Even after a nine-year bull market and an improving economy, a March 28, 2018 Wall Street Journal headline and sub-headline read:
Why Are States So Strapped for Cash? There Are Two Big Reasons
The proportion of state and local tax revenues dedicated to Medicaid and public pensions is the highest since the 1960s
Now, imagine how "cash-strapped" states will become if a deflationary depression strikes. That would mean a dramatic shriveling of tax revenues.
Robert Prechter's Conquer the Crash warned:
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Don't rely on government programs for your old age. Retirement programs such as Social Security in the U.S. are wealth-transfer schemes, not funded insurance, so they rely upon the government's tax receipts. Likewise, Medicaid is a federally subsidized state-funded health insurance program, and as such, it relies upon transfers of states' tax receipts. When people's earnings collapse in a depression, so do the government's tax receipts, forcing the value of wealth transfers downward. Every conceivable method of shoring up these programs can lead only to worse problems. A "crisis" in government wealth-transfer programs is inevitable.
Don't rely on projected government budget surpluses. A couple of years ago, the U.S. government declared a budget surplus, projected it years into the future and predicted healthy trends for its wealth-transfer programs. Was that a proper conclusion? Well, in 1835, after over two decades of economic boom, U.S. government debt became essentially fully paid off for the first (and only) time. Conventional economists would cite such an achievement as a bullish "fundamental" condition. (Any time an analyst claims to be using "fundamentals" for macroeconomic or financial forecasting, run, don't walk, to the nearest exit.) In actuality, that degree of government solvency occurred the very year of the onset of a 7-year bear market that produced two back-to-back depressions. Government surpluses generated by something other than a permanent policy of thrift are the product of exceptionally high tax receipts during boom times and therefore signal major tops. They're not bullish; they're bearish and ironically portend huge deficits directly around the corner.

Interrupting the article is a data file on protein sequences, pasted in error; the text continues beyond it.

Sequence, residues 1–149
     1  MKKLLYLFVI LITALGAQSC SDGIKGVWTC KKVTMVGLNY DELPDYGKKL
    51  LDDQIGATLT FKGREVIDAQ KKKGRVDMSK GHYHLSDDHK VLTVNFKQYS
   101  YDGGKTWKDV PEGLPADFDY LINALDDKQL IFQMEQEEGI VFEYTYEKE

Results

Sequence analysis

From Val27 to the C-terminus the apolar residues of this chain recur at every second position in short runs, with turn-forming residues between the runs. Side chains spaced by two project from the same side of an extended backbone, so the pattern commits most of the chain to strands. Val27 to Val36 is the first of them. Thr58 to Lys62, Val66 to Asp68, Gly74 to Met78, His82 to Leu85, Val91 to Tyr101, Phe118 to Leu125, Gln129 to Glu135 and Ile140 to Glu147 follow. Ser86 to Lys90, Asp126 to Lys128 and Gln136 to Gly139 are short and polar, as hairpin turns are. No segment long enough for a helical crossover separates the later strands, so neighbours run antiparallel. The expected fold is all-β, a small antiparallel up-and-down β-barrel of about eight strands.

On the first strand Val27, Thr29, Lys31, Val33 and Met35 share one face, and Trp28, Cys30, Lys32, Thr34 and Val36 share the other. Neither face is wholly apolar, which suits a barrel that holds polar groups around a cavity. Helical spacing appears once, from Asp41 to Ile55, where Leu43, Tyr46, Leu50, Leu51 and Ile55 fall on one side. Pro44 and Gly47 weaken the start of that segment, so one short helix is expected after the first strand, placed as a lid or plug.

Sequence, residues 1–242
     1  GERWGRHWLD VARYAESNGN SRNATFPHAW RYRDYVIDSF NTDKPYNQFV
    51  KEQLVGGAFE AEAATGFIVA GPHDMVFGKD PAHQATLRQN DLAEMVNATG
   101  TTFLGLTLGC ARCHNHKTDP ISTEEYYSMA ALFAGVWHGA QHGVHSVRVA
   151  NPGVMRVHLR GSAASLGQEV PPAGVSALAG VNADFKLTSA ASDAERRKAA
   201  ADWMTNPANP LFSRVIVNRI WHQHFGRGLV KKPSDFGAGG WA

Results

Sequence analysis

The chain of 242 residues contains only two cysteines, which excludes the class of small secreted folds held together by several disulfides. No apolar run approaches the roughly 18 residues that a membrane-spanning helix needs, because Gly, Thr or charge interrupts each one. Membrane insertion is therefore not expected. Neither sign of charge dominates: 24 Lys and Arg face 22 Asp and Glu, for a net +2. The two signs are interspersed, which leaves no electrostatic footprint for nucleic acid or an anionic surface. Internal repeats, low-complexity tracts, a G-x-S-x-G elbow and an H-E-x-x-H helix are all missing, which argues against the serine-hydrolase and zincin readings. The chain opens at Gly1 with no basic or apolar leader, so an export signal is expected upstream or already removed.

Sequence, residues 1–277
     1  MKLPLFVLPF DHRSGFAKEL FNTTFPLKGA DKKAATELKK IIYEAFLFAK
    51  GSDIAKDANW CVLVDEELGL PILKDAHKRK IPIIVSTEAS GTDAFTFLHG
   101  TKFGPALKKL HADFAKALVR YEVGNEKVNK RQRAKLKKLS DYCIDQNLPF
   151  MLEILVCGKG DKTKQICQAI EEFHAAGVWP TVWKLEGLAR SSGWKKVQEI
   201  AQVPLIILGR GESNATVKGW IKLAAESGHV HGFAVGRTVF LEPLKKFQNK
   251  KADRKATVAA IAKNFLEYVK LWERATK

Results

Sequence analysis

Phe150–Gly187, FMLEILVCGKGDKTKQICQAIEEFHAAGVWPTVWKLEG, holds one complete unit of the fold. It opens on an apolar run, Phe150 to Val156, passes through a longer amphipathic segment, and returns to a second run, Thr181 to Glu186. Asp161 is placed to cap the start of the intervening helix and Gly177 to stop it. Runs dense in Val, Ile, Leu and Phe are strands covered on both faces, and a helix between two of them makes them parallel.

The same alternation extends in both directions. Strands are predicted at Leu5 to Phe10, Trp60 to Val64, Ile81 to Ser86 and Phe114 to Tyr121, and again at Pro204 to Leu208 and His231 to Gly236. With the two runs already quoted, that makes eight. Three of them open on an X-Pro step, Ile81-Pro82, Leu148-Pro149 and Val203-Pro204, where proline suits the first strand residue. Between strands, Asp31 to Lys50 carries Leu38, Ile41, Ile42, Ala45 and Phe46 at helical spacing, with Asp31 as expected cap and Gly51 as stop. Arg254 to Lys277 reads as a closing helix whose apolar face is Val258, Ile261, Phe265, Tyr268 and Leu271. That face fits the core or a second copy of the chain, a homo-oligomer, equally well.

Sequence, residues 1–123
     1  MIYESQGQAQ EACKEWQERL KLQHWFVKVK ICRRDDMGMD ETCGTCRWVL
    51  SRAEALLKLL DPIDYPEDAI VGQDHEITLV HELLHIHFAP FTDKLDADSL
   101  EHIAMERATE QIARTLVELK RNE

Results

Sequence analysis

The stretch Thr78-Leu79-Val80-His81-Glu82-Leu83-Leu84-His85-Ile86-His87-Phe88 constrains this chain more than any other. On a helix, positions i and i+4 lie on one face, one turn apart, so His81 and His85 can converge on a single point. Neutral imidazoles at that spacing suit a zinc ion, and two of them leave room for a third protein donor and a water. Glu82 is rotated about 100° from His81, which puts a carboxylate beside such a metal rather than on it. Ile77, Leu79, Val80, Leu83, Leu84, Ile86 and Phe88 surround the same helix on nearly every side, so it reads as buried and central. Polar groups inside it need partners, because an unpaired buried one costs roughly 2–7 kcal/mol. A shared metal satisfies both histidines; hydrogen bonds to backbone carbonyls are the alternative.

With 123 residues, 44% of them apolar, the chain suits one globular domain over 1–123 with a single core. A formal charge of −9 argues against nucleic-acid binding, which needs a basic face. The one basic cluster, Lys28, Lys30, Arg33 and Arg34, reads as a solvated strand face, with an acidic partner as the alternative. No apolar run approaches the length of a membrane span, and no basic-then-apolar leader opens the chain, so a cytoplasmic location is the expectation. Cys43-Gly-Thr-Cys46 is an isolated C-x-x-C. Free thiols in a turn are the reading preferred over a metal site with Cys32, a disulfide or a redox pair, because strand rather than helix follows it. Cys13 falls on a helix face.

Don't rely on any government's bank-deposit "insurance." The money available through the FDIC, for example, is enough to cover only a small fraction of U.S. bank deposits. ... The whole idea of having other banks and taxpayers guarantee bank deposits is theft in the first place and thus morally wrong and thus ultimately practically wrong. Government sponsored deposit insurance has lulled depositors into a false sense of security. After the 1930s, when thousands of banks failed, depositors became properly wary of profligate banks. Today they don't know or care what their bank officers are doing with their money because they think that the government insures their deposits. Deposit insurance will probably save accounts in the first few distressed banks, but if there is a system-wide money and credit implosion, this insurance won't protect you. ...
Don't expect government services to remain at their current levels. The ocean of money required to run the union-bloated, administration-stultified public school systems will be unavailable in a depression. School districts will have to adopt cost-cutting measures, and most of them will result in even worse service. Encourage low-cost free-market solutions, which will benefit both children and teachers. The tax receipts that pay for roads, police and jails, fire departments, trash pickup, emergency (911) monitoring, water systems and so on will fall to such low levels that services will be restricted. Look for ways to get better services elsewhere wherever it is legal and possible.